ancient pattern recognition receptor that plays a key role in the innate immune response. Western diet works as an important trigger of TLR4 signaling, as it provides ligands such as free fatty acids [10, 11]. Another source of TLR4 activation is the translocation of bacterial endotoxin [lipo- polysaccharide (LPS)] from the gut into the blood stream , the so-called metabolic endotoxemia that occurs with diet-induced obesity . Several TLR 4 SNPs have been described. We were interested in a TLR4 SNP which is frequent and has a reduced reagibility upon TLR4 ligands as we hypothesize that in this case it would be associated with reduced blood pressure. These factors are fulfilled by the TLR4 SNP rs4986790. This SNP showed a reduced reagiblity on LPS . Moreover this SNP belongs to the most frequent TLR 4 SNPs . Furthermore we could recently find an association of this TLR 4 SNP rs 4986790 with age-dependant blood pressure increase in patients with coronary artery disease . Therefore we investi- gated whether cases with a TLR4 SNP rs4986790 had ameliorated blood pressure in obesity as compared to controls.
The aim of this study was to detect the effect of interactions between single-nucleotide polymorphisms (SNPs) on incidence of heart diseases. For this purpose, 2912 subjects with 350,160 SNPs from the Framingham Heart Study (FHS) were analyzed. PLINK was used to control quality and to select the 10,000 most significant SNPs. A classification tree algorithm, Generalized, Unbiased, Interaction Detection and Estimation (GUIDE), was employed to build a classification tree to detect SNP-by-SNP interactions for the selected 10 k SNPs. The classes generated by GUIDE were reexamined by a generalized estimating equations (GEE) model with the empirical variance after accounting for potential familial correlation. Overall, 17 classes were generated based on the splitting criteria in GUIDE. The prevalence of coronary heart disease (CHD) in class 16 (determined by SNPs rs1894035, rs7955732, rs2212596, and rs1417507) was the lowest (0.23%). Compared to class 16, all other classes except for class 288 (prevalence of 1.2%) had a significantly greater risk when analyzed using GEE model. This suggests the interactions of SNPs on these node paths are significant.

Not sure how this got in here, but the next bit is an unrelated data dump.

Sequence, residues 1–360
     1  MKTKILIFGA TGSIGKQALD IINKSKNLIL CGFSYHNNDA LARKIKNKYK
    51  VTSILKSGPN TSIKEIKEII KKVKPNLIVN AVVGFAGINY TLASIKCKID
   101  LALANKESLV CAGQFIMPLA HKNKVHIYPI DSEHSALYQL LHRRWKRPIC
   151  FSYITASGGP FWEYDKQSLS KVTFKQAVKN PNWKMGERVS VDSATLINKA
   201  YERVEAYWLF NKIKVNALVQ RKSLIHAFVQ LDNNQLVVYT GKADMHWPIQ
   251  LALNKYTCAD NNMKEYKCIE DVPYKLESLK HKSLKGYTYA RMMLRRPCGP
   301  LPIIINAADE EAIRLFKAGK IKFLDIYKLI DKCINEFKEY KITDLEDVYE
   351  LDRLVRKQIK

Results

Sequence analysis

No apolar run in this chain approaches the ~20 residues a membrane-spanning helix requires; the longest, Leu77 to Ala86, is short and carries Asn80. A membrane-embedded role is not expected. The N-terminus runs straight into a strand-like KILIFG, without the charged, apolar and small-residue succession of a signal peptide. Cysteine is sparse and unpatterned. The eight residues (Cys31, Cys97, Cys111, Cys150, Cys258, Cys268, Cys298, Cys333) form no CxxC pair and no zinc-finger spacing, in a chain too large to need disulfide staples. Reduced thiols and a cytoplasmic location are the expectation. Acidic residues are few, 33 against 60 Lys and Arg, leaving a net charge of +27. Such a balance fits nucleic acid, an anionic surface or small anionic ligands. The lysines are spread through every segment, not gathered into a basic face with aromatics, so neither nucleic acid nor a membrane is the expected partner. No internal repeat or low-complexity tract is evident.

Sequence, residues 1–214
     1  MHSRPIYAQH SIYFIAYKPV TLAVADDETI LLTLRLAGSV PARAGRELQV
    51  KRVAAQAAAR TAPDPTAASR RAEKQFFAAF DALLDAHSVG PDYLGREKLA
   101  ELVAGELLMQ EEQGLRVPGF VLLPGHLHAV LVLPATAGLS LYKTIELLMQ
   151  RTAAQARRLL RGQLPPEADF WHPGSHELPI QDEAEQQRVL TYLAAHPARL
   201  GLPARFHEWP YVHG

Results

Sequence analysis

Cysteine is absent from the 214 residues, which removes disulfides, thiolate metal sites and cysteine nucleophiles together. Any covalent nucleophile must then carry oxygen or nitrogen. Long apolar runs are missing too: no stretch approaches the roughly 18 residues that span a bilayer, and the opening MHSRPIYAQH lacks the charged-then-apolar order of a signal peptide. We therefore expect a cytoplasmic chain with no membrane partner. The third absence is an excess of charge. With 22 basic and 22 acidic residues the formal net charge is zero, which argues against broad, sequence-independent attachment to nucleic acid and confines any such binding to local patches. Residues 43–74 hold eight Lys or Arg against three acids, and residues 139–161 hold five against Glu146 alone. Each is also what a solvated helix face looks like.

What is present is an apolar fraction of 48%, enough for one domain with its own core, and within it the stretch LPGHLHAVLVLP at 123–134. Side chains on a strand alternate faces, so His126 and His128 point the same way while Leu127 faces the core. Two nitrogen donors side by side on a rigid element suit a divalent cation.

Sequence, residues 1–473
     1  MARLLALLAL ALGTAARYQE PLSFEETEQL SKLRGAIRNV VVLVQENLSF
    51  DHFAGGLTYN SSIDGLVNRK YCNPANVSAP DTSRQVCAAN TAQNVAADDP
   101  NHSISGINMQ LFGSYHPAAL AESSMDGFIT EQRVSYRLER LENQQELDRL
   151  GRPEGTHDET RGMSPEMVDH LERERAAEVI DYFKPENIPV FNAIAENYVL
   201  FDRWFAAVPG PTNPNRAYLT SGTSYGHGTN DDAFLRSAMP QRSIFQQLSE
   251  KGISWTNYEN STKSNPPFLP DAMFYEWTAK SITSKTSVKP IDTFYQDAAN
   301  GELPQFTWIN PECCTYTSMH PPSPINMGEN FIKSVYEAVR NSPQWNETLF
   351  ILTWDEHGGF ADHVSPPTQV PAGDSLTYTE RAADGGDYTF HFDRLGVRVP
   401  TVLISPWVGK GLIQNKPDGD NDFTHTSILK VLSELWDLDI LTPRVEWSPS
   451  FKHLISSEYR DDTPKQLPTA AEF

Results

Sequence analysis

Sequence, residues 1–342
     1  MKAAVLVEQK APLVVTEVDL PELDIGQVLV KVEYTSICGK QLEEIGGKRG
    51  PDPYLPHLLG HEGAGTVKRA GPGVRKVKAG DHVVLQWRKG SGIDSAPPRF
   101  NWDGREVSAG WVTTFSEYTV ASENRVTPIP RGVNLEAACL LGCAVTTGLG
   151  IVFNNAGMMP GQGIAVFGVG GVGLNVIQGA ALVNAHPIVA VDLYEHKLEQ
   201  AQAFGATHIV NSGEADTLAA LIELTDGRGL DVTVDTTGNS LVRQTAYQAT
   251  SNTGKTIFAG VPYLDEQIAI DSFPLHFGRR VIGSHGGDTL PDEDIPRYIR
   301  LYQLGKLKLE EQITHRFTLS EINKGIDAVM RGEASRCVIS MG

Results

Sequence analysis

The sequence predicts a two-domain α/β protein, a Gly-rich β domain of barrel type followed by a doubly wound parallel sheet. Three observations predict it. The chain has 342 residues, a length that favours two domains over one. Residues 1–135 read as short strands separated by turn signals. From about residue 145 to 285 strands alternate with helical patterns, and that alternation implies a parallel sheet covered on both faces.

As taken several environment exposures into consider- ation, an increased risk of CAD and IS in subjects with a GT/GG genotype was mainly noted in those with high BMI or smokers. Bangalore et al. found that fluctuation in body weight was associated with higher mortality and a higher rate of cardiovascular events independent of traditional cardiovascular risk factors . Several stud- ies have demonstrated that obesity is a common risk fac- tor for several subtypes of cardiovascular disease, including CAD, stroke, and heart failure [38 – 41]. Besides, some Table 2 Genotype and allele frequencies of the BRCA2 rs9534275 SNP in cases and controls
Background: Marbling defined by the amount and distribution of intramuscular fat, so-called Shimofuri, is an economically important trait of beef cattle in Japan. The c17-25 expressed sequence tag (EST) has been previously shown to possess expression difference in musculus longissimus muscle between low-marbled and high-marbled steer groups, and to be located within genomic region of a quantitative trait locus for marbling. Thus, the akirin 2 (AKIRIN2) gene containing the c17-25 EST sequence was considered as a positional functional candidate for the gene responsible for marbling. In this study, we explored singlenucleotidepolymorphism (SNP) in the AKIRIN2 and analyzed association of the SNP with marbling.